History in the Making

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When people ask me where I’m from, I generally tend to give the most vague answer possible. “China” is my most used response; “America” is a close second. For years, this is how I identified myself.

Then, in the spring of my senior year in college, I took an Anthropology course, which allowed me to genetically map my ancestral lineage. After retrieving my DNA results from a lab, I can now accurately state that I am exactly 67% Northeast Asian and 32% Southeast Asian. My genetic makeup is also apparently closest to that of a Japanese person – a discovery that has left me with both a clearer understanding of who I am and a major identity crisis disorder.

How was I able to uncover all this information?

Dr. Spencer Wells is a National Geographic Explorer-in-Residence and also the leader of The Genographic Project – a multiyear research initiative that launched in 2005. The project uses cutting edge genetic technology to analyze the historical DNA of people from around the world and attempts to figure out exactly where we came from. By purchasing the Genographic Project Participation and DNA Ancestry Kit, you can also send your DNA to a lab and join the more than half a million people who have already taken part in the project.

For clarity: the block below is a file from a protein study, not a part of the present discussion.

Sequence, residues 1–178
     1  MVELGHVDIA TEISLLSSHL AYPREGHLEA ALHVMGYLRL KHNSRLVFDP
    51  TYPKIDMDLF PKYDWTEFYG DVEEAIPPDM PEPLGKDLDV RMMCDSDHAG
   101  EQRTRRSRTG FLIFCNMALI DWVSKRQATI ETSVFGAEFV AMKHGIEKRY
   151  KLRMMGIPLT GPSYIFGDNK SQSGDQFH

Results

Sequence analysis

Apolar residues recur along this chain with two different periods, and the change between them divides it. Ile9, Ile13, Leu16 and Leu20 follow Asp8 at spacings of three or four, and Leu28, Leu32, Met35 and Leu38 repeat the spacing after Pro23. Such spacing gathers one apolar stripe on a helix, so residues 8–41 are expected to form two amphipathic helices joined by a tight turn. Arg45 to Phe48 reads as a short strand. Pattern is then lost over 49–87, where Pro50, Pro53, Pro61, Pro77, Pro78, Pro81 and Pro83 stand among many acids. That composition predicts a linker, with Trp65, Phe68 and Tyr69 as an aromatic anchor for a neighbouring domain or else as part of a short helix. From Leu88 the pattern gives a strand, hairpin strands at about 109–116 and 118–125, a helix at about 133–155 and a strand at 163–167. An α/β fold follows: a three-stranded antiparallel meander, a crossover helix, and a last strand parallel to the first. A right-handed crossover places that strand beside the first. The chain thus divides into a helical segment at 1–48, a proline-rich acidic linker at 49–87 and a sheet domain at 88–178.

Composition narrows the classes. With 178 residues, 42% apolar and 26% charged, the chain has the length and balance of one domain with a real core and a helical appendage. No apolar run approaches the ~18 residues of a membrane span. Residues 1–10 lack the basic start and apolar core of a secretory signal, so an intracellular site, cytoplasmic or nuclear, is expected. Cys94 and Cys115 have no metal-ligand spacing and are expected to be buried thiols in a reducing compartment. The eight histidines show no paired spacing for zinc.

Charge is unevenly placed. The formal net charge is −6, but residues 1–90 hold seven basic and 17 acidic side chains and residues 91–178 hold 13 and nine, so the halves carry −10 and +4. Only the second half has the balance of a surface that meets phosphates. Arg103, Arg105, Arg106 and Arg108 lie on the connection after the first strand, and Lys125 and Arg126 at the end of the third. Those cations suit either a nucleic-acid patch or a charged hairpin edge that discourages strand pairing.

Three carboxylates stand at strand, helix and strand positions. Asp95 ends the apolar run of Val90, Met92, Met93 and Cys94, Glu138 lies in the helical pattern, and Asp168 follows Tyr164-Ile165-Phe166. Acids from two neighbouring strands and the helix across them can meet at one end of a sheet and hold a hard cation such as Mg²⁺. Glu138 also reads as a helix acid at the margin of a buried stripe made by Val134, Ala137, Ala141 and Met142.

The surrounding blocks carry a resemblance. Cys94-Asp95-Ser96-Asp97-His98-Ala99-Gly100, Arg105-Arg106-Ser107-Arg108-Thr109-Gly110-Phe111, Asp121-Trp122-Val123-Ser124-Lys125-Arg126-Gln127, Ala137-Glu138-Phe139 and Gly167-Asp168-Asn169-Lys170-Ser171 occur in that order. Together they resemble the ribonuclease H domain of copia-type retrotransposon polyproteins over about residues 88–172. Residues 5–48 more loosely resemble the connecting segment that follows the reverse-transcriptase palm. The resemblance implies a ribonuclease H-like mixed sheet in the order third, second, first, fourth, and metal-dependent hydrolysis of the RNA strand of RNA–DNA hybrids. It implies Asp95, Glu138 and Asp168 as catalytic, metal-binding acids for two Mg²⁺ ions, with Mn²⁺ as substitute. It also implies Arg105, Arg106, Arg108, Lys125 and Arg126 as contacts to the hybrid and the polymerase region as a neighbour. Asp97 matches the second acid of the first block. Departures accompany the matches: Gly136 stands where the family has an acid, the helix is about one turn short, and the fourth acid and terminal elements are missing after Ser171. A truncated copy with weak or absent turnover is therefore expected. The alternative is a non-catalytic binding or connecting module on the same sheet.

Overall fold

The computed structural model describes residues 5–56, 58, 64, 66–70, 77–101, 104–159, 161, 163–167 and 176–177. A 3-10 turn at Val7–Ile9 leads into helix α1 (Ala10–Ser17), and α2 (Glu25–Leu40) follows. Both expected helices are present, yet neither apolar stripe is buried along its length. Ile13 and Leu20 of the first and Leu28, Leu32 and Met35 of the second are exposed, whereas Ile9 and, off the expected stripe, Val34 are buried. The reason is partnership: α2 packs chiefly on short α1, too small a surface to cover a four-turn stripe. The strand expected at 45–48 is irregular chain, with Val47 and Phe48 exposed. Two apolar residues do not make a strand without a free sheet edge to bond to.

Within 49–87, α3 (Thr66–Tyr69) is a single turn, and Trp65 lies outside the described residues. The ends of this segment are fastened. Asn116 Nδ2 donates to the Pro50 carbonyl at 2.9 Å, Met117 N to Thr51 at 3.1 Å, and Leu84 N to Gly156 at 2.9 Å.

The kit includes everything you need to discover your ancestry, including a set of painless cheek swabs (to collect DNA samples) and instructions on how to send your samples to the lab. Your ancestry is pieced together by examining a collection of nearly 150,000 DNA identifiers found in your samples, called “markers”, that have been specifically chosen to provide ancestry-relevant information. Individuals with a common ancestry, for example, will most likely share a similar combination of markers. By participating, you will discover the migratory paths of your ancient ancestors, learn how much of your DNA is affiliated with specific regions of the world, and have the opportunity to participate in “the greatest history book ever written”.

Who knows? You may even find your long lost cousin.

For more information on the project, check out this link.

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